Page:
FIG. 2 shows a breakaway detail of a typical collection stage (12) in one of the chambers. Each collection stage consists of a separator plate (24 or 34) having two openings: opening 26 so that manifold tube 20 can pass through the stage and inlet opening 22 for receiving the aerosols from the section immediately beneath. Cylindrical separating wall 28 separates the collection stage from the canister body 11. Note that in this embodiment canister body 11 functions as the walls for the three chambers. An alternate embodiment would include a separate body for each chamber within the canister. In this alternate embodiment the manifold tube could be positioned inside or outside the canister body. Support rods 36 pass through all the stages and add rigidity to the stages. Within the collection stage is channel guide 30 mounted transverse to separator plate 24. Channel guide 30 provides support for the particle collection means 32 (positioned transverse to the flow path) and also defines a labyrinthine flow path within the section. The flow path 21 starts with aerosols entering opening 22, snaking in and out of the channel guide 30 and then travelling upward to the next collection stage where opening 22' of the next section is located at the opposite end of the channel guide. In this way it can be seen that the aerosols flow through a lengthy path beginning at inlet 14 through fourteen collection stages, snaking in and out of each stage, flowing upward to the last stage and exiting at outlet 16 (or 18 or 20). As the aerosols flow through each chamber within the canister, aerosols are collected on the various particle collection frames 32, settle by gravity on the separator plate 24 and collect on the channel guides 30 by diffusion. Although canister body 11 is shown to be cylindrical in shape, it is clear that any other convenient shape may be used.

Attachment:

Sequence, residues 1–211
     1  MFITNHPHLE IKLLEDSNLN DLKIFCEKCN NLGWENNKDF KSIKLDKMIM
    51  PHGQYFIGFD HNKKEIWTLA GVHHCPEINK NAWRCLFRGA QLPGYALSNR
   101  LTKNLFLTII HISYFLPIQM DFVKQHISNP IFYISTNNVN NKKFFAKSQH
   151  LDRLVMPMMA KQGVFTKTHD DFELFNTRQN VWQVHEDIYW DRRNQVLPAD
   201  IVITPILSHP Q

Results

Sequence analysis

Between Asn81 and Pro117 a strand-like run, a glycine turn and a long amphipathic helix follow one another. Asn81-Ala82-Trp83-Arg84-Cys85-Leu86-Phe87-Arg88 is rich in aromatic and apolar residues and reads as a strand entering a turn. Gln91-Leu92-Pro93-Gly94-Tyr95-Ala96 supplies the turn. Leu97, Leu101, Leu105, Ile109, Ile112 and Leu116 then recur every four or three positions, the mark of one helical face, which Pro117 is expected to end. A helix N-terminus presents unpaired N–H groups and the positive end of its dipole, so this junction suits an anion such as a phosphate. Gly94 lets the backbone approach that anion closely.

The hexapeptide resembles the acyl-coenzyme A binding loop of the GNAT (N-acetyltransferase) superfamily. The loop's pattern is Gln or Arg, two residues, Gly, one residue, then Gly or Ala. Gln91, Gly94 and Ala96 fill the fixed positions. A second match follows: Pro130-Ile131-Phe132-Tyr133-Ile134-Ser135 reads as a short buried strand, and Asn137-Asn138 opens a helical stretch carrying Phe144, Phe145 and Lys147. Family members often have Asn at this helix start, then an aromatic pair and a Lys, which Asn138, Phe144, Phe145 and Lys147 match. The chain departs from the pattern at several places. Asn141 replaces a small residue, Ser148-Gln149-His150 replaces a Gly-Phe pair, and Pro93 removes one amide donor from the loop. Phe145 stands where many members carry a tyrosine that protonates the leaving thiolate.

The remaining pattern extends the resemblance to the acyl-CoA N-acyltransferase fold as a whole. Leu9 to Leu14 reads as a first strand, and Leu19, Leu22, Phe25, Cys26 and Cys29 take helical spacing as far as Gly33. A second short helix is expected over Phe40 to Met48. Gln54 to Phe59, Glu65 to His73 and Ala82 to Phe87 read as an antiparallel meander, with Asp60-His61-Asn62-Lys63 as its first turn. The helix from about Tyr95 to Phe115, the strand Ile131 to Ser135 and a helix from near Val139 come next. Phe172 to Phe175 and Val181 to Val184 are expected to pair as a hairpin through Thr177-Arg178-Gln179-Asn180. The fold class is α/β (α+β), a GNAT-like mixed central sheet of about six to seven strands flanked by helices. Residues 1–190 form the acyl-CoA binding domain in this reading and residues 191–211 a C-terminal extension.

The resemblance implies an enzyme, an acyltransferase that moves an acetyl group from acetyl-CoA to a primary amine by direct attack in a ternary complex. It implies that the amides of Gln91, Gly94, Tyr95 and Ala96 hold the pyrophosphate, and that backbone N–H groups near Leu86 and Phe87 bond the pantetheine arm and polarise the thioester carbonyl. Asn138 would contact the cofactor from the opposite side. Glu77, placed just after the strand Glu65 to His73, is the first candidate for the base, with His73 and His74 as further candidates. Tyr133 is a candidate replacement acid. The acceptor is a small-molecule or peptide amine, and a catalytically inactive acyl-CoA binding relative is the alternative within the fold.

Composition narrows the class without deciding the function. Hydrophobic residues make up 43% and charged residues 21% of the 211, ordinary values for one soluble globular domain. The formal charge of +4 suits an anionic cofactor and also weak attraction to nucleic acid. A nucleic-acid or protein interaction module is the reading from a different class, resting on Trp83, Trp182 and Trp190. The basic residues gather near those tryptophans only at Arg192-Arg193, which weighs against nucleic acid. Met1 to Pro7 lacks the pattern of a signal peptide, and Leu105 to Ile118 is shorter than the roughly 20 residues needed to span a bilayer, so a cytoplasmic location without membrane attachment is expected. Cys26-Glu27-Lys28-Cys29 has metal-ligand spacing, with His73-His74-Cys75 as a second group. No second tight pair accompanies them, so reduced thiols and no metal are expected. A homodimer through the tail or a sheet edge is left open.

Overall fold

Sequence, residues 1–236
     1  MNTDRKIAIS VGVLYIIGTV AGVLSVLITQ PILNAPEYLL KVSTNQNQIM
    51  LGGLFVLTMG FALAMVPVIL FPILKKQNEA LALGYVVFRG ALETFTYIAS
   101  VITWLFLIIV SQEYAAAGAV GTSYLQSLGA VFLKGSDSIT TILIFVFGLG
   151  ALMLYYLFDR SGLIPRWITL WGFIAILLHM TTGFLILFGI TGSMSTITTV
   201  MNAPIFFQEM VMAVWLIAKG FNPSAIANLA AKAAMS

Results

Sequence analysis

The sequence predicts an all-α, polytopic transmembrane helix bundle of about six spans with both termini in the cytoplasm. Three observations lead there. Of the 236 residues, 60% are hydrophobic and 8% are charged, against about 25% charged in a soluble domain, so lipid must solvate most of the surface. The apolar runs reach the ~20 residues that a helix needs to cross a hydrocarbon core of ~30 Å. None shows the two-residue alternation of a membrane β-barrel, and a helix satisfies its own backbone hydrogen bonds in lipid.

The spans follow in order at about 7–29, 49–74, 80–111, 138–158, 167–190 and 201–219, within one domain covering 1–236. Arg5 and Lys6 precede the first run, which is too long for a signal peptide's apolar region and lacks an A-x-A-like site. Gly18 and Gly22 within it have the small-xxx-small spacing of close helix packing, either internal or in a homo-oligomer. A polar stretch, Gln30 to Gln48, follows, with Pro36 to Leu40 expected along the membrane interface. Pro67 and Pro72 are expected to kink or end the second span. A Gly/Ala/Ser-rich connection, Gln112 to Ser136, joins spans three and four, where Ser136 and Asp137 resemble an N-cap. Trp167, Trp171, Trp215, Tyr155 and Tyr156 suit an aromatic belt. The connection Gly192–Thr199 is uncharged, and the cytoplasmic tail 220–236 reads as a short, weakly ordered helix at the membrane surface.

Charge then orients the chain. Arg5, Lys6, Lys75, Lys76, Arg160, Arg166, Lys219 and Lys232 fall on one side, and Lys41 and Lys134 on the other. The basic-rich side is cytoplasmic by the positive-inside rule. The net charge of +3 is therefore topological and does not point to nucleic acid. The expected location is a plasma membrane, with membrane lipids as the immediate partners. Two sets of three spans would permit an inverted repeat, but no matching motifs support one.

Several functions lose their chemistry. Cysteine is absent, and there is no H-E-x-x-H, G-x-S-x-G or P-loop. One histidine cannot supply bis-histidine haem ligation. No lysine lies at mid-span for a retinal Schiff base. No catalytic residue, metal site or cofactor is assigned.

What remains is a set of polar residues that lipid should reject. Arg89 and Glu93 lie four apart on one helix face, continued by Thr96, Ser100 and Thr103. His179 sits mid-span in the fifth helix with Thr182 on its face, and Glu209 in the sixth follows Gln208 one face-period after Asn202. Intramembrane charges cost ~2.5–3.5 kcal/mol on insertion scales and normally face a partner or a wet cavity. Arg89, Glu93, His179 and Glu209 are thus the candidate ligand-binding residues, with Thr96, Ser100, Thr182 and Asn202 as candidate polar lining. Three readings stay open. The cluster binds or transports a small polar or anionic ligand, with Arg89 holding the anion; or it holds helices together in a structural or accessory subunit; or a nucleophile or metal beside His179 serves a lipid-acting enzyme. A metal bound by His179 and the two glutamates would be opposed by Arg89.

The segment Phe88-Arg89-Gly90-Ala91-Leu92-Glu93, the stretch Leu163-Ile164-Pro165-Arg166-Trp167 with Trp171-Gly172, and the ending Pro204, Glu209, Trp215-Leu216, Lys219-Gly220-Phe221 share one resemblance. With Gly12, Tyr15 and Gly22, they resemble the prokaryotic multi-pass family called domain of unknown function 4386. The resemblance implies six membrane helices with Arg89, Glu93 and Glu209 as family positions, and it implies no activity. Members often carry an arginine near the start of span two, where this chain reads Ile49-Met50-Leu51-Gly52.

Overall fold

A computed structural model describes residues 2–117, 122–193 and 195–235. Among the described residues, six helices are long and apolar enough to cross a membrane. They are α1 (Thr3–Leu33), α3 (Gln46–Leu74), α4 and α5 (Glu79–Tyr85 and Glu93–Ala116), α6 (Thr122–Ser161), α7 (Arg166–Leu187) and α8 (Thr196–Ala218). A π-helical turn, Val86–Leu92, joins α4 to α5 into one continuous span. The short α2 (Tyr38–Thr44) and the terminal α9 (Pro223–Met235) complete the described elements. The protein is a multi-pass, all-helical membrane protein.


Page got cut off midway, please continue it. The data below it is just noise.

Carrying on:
In FIGS. 3A-3C are shown three typical particle collection frames (32) suitable for use in aerosol sampling device 10. FIG. 3A shows an open frame 42 with horizontally positioned particle collection plate 43 suitable for collecting particles by gravitational settling. In gravitational settling, the aerosol flows down a horizontal flow path (parallel to the labryrinthine flow path) where heavier aerosols settle out first and lighter aerosols are carried farther downstream (in this case, vertically upward). Gravitational settling is used to collect particles whose diameters are greater than approximately one micron. Small coupons 41 of various metals can be affixed to the horizontal surface of the collection plate, yielding a metal coupon plate. Different metals (e.g., Zr-2, Ag, Pd, In-625, Ni, Pt, Al2 O3, Fe, 316-SST, Ir, oxidized carbon steel, oxidized 316 SST) chemically interact with vapors passing over the coupons. By examining these coupons post-test, the type of vapors that passed over the coupon can be determined.